She looked around the room, seeming to be bored, perhaps mildly curious. Her eyes focused on the bookshelves. I had a collection of books in ratty shape stuffed into the two shelves. Various books I’d bought cheap and used and read, letting them slosh around my backpack as I wandered around the city in my off hours. She cocked her head, as she always did, trying to focus on the titles. After a moment she stood up and walked over to check them out. I was still dealing with the cold peanut butter straight from the fridge, and its persistent ability to rip the bread I had bought. So much for the high class product at the local bakery. 

She approached the bookcase carefully, as if inspecting some exhibit in an anthropology museum. Using one finger she moved a few volumes around and investigated further. She picked up an old, well worn book with a neon sticker with $1.50 written in faded ink. She looked it over, almost as if she’d never seen a book quite like it before. She opened to a random page and read a few lines. She then flipped back to the cover and checked the words, as if to try and understand what the excerpt she’d read had to do with the title. 

“What’s this book?” She called.

“Which one?” I couldn’t see which book she had. 

“My system. Is it a, um,”

“Chess book?”

“Yeah, you play chess?”

“Only sometimes and never well. I bought that my freshman year of highschool. I joined the chess club out of a lack of friends and a strong conviction that playing chess would make me smarter. And I think it was to butter up the latin teacher- latin was a huge pain in the ass, it was rumored that kids in the chess club got better grades.”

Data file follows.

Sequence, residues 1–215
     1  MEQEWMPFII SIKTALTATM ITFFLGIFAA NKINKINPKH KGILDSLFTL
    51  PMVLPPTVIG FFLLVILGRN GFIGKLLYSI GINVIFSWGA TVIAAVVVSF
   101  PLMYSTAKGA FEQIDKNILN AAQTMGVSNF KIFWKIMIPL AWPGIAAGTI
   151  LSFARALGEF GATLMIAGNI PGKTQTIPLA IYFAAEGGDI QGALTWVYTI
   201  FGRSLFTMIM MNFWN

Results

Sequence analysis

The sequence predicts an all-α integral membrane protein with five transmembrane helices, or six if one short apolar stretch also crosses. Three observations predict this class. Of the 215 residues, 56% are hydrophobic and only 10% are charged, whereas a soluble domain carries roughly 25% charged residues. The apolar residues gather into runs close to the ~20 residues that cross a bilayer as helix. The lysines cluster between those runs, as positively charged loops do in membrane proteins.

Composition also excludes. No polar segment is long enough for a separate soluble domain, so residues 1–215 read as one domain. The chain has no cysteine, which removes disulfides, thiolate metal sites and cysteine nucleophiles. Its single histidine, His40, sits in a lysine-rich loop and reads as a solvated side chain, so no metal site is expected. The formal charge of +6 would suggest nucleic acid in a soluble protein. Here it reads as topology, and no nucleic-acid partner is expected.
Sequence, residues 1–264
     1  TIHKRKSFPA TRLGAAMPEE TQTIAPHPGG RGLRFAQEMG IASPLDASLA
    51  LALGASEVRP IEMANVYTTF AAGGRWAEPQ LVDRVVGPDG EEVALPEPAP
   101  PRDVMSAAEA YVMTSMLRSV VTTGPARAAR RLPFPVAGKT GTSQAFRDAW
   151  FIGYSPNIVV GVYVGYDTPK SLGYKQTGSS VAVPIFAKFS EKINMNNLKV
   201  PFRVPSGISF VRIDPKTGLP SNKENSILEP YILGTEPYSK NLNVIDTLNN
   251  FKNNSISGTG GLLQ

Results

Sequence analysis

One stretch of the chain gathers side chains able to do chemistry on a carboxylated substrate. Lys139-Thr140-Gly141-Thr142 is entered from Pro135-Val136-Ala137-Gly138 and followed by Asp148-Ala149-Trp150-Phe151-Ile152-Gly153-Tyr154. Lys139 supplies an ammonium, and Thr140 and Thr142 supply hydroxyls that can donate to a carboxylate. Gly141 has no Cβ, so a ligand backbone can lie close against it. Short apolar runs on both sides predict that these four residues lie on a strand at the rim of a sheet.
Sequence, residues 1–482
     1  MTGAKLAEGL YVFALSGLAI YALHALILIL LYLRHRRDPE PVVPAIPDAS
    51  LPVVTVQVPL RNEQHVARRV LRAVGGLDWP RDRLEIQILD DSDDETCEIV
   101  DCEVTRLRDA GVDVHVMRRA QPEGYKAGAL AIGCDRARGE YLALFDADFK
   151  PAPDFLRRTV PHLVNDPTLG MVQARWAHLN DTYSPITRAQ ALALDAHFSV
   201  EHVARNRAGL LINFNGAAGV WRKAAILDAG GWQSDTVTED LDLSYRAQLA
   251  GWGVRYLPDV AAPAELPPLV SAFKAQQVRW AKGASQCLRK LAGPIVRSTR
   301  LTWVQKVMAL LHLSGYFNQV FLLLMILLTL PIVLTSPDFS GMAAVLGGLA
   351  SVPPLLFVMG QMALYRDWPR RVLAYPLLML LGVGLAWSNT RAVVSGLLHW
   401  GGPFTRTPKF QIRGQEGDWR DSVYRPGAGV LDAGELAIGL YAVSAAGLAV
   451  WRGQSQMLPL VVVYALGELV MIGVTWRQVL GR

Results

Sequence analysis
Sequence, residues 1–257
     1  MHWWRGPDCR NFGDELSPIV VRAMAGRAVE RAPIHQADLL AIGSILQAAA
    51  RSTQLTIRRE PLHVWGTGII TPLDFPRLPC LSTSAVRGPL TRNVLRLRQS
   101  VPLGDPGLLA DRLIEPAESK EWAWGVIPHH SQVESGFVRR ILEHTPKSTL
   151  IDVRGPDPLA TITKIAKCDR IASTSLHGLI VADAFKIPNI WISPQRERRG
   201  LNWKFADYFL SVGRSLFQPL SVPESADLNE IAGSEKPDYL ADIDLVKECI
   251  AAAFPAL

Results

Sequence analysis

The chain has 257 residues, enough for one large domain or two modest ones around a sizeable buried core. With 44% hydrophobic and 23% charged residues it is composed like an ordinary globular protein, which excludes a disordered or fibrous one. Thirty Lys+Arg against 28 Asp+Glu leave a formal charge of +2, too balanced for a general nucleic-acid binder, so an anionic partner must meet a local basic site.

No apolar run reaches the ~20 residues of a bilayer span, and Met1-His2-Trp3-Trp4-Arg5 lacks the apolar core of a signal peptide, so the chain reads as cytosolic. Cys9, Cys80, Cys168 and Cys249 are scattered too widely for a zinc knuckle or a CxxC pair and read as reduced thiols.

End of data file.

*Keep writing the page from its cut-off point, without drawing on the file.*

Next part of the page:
She laughed. “Sounds like the nerd win-win.” 

“Yeah, it didn’t last. I went to one chess tournament, did ok, but not great. Then my buddy smoked me up and the girl I like revealed she wanted to get down as much as I did.” 

“So you left the chess club? “

“Yep, but I still went by and played sometimes, I think it was one weekday after school I’d drop by. I think I was killing time between work and school. Something like that. The guys were nice too, cool as far as I was concerned.” 

“Why do you have the book here? Why bring it over the ocean.” 

“Well, you know Tom? We play together when we meet up. I found it in my parent’s house last time I was home and brought it here. I bought it way back in the day after the best kid in the chess club recommended it and I serendipitously saw it at a used book store in KC I used to go to. I think it was cheap too.” 

“Buck fifty?”

“Really?” I laughed. “Looks like I got a good deal. Never really read through it though, it’s not exactly a page turner. I think if you really understood it you’d be lights out at chess. I lack the discipline, or maybe the desire, or probably both. That probably doomed my chess career.” 

“Well luckily you picked up skills with girls in that era too, and I can tell you which I prefer you’re good at.” She laughed and looked at me seductively. 

I forgot all about the peanut butter and the bread and went over to her. She dropped the book and I remembered why I stopped playing chess in the first place.

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